Physicians are under increasing demand to achieve the Clinical Trifecta of productivity, quality and satisfaction. As pressure for scaling efficiency mounts, a growing number of stakeholders are charged with keeping doctors compliant and productive.
Each stakeholder is typically only with their task – their spreadsheet, graph, email query, documentation correction, insurance submission, etc. The demands then trickle to the doctor who has to decide when, where or whether to allocate time to the issue. What can be done quickly, what must be done methodically and how to strategically apply benign neglect are part of the calculus of the modern physician.
As a means of survival, the medical day is increasingly a zero-sum game. It’s the physics of physician bandwidth: You can’t add something without taking something away.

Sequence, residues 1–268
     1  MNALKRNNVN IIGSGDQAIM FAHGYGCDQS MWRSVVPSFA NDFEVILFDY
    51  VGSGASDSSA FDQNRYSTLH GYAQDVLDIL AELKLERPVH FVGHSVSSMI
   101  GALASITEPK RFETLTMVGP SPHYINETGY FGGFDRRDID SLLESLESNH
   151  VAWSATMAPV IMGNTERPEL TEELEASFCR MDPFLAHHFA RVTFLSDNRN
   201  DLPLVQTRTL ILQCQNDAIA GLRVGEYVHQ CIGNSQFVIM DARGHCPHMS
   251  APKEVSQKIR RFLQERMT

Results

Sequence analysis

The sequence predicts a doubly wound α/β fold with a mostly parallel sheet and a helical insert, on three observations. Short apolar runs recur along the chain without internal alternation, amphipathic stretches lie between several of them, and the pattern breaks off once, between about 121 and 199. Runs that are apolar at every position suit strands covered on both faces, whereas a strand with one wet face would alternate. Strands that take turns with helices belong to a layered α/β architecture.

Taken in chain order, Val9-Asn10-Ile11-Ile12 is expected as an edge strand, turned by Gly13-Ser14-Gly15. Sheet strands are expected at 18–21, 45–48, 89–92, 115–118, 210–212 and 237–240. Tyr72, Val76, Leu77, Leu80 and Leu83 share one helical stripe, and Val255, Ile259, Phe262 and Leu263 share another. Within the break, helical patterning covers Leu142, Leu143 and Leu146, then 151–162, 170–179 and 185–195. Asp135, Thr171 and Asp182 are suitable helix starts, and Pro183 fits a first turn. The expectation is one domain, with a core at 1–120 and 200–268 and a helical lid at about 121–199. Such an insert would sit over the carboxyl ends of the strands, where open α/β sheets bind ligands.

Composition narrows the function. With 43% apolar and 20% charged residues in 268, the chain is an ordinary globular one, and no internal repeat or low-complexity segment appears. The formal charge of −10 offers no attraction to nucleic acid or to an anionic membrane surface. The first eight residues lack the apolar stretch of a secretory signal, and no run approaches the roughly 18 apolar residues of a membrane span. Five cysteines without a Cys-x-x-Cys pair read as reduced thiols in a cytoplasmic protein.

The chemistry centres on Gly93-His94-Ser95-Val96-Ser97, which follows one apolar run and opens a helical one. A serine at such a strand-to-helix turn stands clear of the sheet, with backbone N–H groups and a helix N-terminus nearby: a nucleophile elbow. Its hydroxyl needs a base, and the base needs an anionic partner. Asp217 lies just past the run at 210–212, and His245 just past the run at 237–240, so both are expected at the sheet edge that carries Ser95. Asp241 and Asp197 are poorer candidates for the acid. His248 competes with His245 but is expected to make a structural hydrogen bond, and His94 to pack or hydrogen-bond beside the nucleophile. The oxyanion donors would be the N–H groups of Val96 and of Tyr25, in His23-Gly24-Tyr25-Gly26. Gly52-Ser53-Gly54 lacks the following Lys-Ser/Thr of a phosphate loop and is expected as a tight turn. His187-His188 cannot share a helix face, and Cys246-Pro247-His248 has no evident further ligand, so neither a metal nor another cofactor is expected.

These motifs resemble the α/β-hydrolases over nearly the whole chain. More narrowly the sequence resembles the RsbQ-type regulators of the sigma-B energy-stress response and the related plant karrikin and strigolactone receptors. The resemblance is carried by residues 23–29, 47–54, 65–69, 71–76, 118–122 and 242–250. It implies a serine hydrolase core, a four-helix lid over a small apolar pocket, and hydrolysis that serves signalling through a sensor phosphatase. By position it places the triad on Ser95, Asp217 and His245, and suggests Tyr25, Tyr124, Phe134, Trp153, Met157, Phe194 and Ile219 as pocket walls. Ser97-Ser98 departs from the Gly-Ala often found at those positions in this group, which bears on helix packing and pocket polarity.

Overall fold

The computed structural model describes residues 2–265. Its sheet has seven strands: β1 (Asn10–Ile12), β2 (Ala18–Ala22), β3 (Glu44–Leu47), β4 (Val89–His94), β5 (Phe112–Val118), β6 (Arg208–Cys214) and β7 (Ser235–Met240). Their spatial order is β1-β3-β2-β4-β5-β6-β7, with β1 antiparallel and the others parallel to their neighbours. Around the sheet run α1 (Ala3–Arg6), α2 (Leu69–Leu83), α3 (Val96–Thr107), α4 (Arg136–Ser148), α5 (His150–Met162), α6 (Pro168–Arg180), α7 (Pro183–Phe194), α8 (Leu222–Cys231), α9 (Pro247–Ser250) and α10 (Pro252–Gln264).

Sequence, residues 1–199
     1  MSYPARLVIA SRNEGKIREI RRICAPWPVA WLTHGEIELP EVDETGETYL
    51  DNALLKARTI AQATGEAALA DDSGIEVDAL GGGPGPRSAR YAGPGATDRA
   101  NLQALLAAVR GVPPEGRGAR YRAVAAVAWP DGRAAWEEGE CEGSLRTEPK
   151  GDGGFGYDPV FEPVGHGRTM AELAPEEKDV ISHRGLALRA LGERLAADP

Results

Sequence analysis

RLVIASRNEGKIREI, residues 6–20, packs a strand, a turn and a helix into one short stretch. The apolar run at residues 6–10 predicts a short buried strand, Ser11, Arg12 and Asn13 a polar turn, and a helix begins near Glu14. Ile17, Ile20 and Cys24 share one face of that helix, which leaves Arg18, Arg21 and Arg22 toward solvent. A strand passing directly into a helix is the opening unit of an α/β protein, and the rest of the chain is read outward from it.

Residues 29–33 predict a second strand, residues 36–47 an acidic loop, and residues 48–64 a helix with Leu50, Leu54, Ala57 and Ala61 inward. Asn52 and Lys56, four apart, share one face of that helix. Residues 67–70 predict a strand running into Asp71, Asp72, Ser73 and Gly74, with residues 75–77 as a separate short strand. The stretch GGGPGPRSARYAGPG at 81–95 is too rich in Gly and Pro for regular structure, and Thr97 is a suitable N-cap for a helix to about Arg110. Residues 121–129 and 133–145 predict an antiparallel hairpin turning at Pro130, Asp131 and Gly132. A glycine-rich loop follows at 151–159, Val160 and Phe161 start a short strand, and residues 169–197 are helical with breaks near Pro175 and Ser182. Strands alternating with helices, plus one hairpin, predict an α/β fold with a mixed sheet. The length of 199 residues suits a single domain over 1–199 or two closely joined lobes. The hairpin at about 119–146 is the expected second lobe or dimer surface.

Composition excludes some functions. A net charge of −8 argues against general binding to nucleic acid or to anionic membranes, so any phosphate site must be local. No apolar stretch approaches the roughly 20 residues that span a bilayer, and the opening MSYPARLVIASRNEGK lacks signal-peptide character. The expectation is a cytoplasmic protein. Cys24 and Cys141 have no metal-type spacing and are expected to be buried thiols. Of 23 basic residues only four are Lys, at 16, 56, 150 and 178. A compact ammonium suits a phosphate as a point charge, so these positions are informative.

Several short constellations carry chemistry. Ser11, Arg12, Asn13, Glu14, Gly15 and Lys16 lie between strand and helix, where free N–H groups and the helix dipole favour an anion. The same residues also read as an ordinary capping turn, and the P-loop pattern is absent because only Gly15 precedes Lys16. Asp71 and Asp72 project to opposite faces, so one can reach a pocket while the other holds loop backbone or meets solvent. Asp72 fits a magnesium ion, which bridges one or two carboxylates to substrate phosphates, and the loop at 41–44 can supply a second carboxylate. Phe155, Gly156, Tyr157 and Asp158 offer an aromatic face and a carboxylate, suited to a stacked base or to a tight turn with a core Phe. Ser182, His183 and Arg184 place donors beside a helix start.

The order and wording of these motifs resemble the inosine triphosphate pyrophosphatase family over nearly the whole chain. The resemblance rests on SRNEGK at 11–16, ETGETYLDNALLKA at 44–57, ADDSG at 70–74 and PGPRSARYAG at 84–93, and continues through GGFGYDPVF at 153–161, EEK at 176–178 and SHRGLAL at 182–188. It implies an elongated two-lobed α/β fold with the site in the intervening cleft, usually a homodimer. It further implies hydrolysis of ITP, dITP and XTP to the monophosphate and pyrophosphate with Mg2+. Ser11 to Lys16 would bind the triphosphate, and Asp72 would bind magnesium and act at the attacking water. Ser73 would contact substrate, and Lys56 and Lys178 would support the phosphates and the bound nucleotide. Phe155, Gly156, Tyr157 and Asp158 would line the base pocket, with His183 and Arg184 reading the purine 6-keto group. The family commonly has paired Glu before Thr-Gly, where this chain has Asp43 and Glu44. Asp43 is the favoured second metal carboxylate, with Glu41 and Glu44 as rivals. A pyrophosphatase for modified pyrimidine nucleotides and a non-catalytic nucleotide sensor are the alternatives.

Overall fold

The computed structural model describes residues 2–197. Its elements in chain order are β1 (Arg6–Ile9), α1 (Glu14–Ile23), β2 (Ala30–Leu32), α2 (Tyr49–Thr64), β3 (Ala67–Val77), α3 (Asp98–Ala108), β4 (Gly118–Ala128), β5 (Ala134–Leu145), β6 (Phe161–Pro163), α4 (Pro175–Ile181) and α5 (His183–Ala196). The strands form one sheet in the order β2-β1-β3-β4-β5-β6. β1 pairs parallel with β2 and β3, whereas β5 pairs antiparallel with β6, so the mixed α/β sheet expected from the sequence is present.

So attention needs to be paid to the balance of non-patient care demands. A metric that allows healthcare systems to monitor administrative burdens as a quality measure would be a great way to begin to understand this problem.
Burnout theorists have a million answers for the epidemic phenomenon of the empty medical professional. No one considers the downstream effect of unlimited upstream administrative demands on health professionals. Be assured that the compounding asks on the zero-sum medical day are a strong contributor.
Image modified via Chris Barbalis on Unsplash.